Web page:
A lot is happening on the trade negotiations front in almost every corner of the world. Countries have been active and prolific at the bilateral and regional levels for some time but the key ongoing negotiations are of a different dimension: they involve more partners, from different levels of development and different regions, covering larger volumes of trade and aiming at reaching agreements of a deeper nature on a wide scope of issues. These are the mega-regionals, of which the Trans-Pacific Partnership and the Transatlantic Trade and Investment Partnership are in a category of their own by virtue of their scope and impact.
If current negotiations are successful, new rules will shape trade and investment flows, underpin global governance on 21st purported emphasis on promoting broad liberalization, reducing non-tariff barriers and addressing regulatory hurdles through greater convergence would unleash new opportunities and bring about more growth in the world economy. They may also contribute to bringing more dynamism to the multilateral trading system, spearheading a virtuous circle of enhanced rule-making and trade liberalization.
Or they may not. Much will depend on the specific provisions to be agreed upon and the type of preference they will create. Not all preferences are equal. Some of them carry a larger potential for discrimination than others. The greater their discriminatory nature, the higher the friction and fragmentation risks they entail. On the contrary, provisions with low or no discriminatory potential actually may be quite beneficial for non-members.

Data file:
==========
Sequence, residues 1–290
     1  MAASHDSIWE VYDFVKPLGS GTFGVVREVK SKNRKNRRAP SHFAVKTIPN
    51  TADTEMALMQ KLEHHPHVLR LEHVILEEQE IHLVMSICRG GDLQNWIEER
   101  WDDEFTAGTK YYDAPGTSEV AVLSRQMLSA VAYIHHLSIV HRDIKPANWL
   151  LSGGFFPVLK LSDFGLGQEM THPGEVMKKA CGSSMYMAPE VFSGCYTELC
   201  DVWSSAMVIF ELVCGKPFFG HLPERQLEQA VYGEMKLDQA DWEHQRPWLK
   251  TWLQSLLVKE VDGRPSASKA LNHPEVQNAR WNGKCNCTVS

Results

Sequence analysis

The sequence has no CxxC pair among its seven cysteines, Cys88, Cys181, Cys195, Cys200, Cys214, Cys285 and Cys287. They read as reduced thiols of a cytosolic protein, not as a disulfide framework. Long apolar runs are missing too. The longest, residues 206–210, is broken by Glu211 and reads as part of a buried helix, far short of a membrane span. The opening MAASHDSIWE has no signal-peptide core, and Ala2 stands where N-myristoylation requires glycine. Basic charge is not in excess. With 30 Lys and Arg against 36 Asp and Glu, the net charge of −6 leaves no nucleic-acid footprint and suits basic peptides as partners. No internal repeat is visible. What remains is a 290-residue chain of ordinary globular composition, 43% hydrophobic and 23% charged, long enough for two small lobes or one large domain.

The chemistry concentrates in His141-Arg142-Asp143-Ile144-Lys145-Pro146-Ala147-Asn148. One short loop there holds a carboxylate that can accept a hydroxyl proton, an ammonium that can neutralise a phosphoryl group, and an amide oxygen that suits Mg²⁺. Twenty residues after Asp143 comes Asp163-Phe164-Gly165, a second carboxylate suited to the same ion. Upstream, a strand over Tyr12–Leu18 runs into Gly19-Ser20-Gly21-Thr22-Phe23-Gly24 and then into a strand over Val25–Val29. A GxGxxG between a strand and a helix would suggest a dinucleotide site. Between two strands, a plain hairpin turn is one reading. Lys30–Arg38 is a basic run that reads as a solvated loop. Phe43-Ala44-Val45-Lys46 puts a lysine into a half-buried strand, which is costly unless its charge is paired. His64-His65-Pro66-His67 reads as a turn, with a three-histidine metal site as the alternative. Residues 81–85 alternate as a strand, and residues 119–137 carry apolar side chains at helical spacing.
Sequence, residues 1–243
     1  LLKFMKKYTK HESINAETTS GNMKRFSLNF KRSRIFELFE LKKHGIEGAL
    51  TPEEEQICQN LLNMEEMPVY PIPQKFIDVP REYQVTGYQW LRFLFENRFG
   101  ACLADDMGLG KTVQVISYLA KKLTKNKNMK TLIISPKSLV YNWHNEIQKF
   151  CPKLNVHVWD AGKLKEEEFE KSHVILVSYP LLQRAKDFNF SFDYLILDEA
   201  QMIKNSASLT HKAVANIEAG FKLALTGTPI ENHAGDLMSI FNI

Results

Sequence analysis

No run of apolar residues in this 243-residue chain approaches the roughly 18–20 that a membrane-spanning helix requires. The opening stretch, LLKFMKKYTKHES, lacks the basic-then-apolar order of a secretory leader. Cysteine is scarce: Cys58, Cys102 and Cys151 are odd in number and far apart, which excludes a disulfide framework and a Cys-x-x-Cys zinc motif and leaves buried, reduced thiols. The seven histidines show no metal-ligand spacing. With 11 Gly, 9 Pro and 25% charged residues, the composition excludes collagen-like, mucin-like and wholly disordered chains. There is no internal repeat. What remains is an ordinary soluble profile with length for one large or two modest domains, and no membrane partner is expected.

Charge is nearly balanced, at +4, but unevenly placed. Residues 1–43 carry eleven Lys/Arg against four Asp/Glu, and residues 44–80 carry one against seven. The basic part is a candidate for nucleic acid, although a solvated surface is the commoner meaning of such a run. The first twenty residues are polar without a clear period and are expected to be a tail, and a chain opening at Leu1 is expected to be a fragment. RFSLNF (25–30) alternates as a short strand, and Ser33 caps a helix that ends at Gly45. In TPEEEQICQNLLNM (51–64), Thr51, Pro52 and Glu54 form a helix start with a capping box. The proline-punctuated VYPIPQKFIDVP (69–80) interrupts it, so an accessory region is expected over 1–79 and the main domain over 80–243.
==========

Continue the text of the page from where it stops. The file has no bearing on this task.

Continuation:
This is no minor issue. While mega-regional negotiations encompass a large number of countries, they exclude an even larger group. About 160 nations, home to over 80% of the world’s population, are sitting on the sidelines while these discussions take place. The way in which countries choose to react to these developments may determine, at least in part, the impact of these pacts on individual non-members and on different regions, as well as on countries that are party to the mega-regionals. The broader question of the geopolitical impact that mega-regionals may have in today’s world is an issue that demands great reflection.
The multilateral trading system is not exempt from the impact of mega-regionals. Much will depend on the specifics of the agreements that are finally concluded, and in particular on whether they are crafted with an inclusive perspective and are open to new members. Much will also depend on whether members of the World Trade Organization opt to advance an ambitious post-Bali multilateral agenda, which could include plurilateral agreements as a way to proceed in consolidating the WTO’s centrality.
All of this presumes that mega-regionals will come to fruition as planned, but this cannot be taken for granted. There are big negotiating challenges ahead, and domestic political divisions in participating countries to be bridged. If the mega-regionals fail, the consequences for the potential of trade and investment to continue driving world growth and prosperity will be considerable.
Author: Anabel González is senior director, Global Practice on Trade and Competitiveness, World Bank Group